Raffle prizes are rolling in, and today I received 4 cases of Monterey Farms "Artihearts", a product which I discovered in late September. The kind owner asked me to keep one packet of each flavor to try, and I used about half of a packet of the "Buffalo" variety in the sauce. I also mixed in a little salt and fresh oregano leaves from my garden.

On one pizza, I also dabbed on portions of the Scottish cheddar-style cream "sheese". I baked the two pizzas at 425°F for about 15m, turning them halfway through. I put heirloom tomato slices and a dab of pesto on the "sheese"-less pizza before serving it. I also pan-roasted fingerling potatoes with a medium shallot, rosemary, dill weed, salt, and pepper, and served raw purple cauliflower.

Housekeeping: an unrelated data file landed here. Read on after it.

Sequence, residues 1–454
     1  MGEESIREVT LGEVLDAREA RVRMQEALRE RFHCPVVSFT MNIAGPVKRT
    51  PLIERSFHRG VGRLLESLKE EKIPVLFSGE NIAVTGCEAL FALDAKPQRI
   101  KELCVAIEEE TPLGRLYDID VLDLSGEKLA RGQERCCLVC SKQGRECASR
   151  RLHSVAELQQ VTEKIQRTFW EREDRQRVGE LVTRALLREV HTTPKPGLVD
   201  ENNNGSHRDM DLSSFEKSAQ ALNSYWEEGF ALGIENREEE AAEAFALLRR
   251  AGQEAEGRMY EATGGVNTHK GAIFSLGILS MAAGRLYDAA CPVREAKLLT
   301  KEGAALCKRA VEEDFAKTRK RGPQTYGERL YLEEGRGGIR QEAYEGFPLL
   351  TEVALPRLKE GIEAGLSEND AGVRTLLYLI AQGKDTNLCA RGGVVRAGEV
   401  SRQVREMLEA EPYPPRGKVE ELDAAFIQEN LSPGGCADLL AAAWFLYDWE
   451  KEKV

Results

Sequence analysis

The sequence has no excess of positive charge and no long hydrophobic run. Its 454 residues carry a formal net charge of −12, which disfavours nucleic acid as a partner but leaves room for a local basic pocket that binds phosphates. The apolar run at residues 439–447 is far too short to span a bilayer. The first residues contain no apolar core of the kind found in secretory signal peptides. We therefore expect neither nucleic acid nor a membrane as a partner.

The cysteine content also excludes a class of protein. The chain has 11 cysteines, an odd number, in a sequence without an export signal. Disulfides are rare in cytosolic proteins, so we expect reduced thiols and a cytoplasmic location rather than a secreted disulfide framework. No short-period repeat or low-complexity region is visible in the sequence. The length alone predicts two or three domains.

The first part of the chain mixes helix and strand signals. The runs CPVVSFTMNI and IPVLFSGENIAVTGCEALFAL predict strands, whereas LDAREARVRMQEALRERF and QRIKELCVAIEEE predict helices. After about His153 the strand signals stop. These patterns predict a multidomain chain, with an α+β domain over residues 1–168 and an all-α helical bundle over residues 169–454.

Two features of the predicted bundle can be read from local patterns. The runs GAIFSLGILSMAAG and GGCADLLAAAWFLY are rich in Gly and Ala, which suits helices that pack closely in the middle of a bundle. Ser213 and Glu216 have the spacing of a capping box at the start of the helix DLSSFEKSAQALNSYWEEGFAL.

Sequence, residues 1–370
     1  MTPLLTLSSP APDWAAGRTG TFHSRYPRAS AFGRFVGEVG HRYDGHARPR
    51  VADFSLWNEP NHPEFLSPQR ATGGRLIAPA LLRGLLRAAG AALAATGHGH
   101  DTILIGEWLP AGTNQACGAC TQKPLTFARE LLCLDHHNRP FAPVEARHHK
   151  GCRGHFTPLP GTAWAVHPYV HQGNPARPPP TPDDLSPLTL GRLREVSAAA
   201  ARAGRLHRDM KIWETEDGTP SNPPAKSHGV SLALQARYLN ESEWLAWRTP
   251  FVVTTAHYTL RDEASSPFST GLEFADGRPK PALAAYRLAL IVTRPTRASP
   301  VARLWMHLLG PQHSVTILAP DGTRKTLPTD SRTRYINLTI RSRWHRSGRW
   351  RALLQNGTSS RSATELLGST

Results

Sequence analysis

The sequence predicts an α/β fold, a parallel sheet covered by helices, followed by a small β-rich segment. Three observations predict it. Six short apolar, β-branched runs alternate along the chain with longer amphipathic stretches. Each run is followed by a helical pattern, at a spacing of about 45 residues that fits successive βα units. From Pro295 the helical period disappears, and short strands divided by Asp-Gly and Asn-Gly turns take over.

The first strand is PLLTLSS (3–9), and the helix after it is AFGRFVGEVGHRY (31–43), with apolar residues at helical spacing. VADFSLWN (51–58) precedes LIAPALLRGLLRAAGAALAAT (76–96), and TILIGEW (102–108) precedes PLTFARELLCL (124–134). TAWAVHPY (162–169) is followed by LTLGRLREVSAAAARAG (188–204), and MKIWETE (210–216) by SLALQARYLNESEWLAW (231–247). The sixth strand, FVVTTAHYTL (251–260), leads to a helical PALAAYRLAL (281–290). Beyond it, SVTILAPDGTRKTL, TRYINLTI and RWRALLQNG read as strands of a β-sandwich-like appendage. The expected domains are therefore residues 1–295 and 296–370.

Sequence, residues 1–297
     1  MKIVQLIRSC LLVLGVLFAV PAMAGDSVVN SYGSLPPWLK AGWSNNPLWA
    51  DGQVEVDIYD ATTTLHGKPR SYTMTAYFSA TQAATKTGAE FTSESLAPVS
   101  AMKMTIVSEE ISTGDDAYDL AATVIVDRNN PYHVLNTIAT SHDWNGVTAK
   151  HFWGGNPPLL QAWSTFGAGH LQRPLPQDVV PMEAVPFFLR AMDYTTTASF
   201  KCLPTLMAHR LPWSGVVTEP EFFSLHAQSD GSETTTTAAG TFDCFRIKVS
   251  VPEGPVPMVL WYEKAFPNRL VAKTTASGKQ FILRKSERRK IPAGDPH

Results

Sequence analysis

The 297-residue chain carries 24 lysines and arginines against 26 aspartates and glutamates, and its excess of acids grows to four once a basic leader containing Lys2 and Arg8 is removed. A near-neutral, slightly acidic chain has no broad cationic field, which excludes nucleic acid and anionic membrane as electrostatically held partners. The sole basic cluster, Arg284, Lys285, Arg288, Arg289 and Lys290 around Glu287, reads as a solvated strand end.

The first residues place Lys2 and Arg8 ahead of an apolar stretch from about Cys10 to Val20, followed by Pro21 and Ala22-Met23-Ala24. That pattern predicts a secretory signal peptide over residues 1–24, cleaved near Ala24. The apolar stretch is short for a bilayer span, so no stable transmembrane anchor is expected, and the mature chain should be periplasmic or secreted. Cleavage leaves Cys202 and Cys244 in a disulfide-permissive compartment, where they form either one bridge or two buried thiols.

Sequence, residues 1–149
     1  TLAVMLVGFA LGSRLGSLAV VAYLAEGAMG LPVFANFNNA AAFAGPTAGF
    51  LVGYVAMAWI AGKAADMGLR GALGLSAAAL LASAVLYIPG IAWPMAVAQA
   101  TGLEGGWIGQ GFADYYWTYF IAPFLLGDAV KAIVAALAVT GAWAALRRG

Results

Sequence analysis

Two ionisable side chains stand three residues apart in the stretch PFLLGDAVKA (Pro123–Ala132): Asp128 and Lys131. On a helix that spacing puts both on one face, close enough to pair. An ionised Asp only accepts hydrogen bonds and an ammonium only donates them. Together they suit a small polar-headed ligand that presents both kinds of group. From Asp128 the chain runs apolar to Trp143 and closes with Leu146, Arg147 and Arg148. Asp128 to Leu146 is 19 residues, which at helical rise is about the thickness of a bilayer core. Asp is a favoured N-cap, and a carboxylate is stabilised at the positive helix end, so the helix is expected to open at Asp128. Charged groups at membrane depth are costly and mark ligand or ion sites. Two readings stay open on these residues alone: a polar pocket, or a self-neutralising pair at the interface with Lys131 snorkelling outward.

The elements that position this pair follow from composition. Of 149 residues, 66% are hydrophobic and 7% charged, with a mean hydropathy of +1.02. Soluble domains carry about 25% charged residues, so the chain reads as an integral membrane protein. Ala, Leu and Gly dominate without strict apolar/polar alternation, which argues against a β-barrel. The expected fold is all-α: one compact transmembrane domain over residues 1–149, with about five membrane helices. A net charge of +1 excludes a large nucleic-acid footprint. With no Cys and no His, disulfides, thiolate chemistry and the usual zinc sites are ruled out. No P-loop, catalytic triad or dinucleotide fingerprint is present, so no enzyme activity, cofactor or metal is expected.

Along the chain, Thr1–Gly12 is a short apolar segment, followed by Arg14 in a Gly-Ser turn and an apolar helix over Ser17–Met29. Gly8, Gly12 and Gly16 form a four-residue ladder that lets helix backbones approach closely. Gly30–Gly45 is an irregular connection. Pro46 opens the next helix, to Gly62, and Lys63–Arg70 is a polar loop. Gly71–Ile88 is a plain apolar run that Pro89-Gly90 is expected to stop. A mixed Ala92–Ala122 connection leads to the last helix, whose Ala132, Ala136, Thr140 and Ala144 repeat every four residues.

It was a good dinner - the vegan sausage was a nice touch in the pizza. We're glad to have our friend visiting!

Tuesday, November 20, 2007

"Three Sisters" Potato-Stuffed Squashes, Corn with Mulato Pepper, and Dragon Tongue Beans

Right after our recent vacation to the US' Southwest, I prepared a very tasty "three sisters" meal using the ancient staples of corn, beans, and squash, and then, two days later, had another try at it. Tonight was my third such meal and turned out to be in the middle of the other two in appeal. I used two interesting ingredients, neither of which I ever remembering having before, dragon tongue bean and dried mulato pepper.